weekly roundup – January 15th

One of the best things I saw this week was Jerry Seinfeld and President Obama in Comedians in Cars Getting Coffee. Both of these men are personable, and I enjoyed their conversation. Having Obama open up about what it means to have power is interesting, and his advice to the candidates about making sure they’re running for the right reasons (or rather, not running for the wrong reasons) made me think about the reasons behind the choices I’ve made in my own life.

In law school, we learned about arbitration, but there wasn’t a big emphasis on it. It was something that was relegated to consumer contracts, but even there, it wasn’t used by all of the companies. In the last few years, however, arbitration clauses have popped up all over the place, and the Supreme Court has upheld even the most extreme of them. This article does a good job of explaining the rise of arbitration clauses and the influence the Chief Justice had in creating the winning argument while he was practicing law. I’m not a proponent of arbitration. My arguments against it are nothing new, but I am particularly against it in employment contracts. Cerner gave its employees an ultimatum late last year: sign an arbitration contract or lose the ability to get merit raises. It prohibits class action suits, which can be effective to change corrupt or improper practices by companies. And it’s just unfair. The way that our country and justice system seem to be run by companies rather than people really gets to me.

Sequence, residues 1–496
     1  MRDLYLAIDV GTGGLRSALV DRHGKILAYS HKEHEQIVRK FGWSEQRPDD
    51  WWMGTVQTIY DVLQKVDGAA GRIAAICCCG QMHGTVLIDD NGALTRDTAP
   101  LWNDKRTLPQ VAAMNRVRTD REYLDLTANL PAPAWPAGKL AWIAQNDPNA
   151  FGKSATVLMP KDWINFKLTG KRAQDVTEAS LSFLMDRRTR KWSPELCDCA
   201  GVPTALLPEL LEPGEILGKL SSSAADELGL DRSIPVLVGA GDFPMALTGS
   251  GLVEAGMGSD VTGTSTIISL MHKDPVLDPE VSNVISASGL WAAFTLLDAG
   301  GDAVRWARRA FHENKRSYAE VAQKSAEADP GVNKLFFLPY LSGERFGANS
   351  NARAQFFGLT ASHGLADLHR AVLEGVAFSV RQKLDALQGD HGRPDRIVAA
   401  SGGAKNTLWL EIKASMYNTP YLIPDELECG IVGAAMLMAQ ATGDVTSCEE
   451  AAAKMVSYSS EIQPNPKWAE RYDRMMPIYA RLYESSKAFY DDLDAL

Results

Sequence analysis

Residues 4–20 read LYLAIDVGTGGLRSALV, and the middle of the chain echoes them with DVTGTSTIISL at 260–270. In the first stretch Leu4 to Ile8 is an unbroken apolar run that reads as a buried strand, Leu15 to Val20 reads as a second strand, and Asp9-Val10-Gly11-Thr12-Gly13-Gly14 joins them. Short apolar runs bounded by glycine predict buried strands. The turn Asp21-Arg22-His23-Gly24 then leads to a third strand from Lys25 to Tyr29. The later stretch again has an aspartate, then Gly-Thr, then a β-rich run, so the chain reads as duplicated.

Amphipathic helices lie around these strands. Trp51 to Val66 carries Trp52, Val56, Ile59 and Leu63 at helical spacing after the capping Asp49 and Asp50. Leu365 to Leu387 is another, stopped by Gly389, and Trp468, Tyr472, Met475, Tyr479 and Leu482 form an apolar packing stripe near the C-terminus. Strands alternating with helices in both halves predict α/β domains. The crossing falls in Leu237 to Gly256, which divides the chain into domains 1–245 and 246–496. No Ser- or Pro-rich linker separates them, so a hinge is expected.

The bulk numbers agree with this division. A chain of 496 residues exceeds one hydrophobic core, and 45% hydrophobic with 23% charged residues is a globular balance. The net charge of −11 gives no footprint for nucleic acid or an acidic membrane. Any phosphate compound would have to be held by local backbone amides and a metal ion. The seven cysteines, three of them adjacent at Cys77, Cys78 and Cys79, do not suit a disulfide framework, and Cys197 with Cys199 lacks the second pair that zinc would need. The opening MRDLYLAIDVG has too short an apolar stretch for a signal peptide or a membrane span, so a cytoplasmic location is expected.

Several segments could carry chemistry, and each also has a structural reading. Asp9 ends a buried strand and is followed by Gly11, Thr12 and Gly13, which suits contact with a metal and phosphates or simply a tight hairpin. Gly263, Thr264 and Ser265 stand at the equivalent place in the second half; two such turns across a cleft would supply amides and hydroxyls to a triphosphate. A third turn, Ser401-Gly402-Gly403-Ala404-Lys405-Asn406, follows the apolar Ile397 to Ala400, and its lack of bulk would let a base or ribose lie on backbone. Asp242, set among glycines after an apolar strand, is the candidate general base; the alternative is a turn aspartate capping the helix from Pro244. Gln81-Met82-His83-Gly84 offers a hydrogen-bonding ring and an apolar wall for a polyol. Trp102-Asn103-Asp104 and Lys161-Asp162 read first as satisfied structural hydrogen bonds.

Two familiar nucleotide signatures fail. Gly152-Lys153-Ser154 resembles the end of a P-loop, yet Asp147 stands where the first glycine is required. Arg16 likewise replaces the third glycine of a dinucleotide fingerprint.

A New York Times Magazine article addresses the Russian media trolls who put out pro-Russia articles and comments that disparage, well, anyone who criticizes Putin or Russia (or looks too hard at the trolls themselves). It’s an interesting bit of investigative journalism that culminates in the journalist himself being trolled.

Another article about the dark side of technology is this article about the Silk Road and its founder. It’s a long, two-part read, but it goes through the founding, running, and downfall of the Silk Road and the efforts law enforcement made to try and shut it down. In the end, it’s a pretty classic case of getting too big for one’s britches. Ross Ulbricht, the mastermind, became arrogant and a little careless, which was enough for law enforcement to get a toehold. There are so many examples of this extreme hubris, and the article was in part fascination with a dark world and part schadenfreude at seeing the end result.

I didn’t play any games this week, but I’m going to a board game convention this weekend, so I’ll have lots to report next week!

Personal thoughts: I’ve been applying for jobs, which is somewhat disheartening. I’m educated, curious, driven, and eager to work, but I think my JD scares off potential employers who think I’m going to expect a lawyer’s salary while not doing legal work or who think that I’m not right for a software job. It’s frustrating. But I’ve come to realize that majoring in math in addition to music was one of the best decisions I could have made in college. I wanted to graduate with more than a degree in music (I knew I didn’t want to do music professionally), and I enjoyed math and was pretty good at it. It turns out that a lot of software jobs require a technical degree or a math degree, so yay! Trying to figure out my future (career-wise) makes me feel so young and inexperienced again, but it’s essential.

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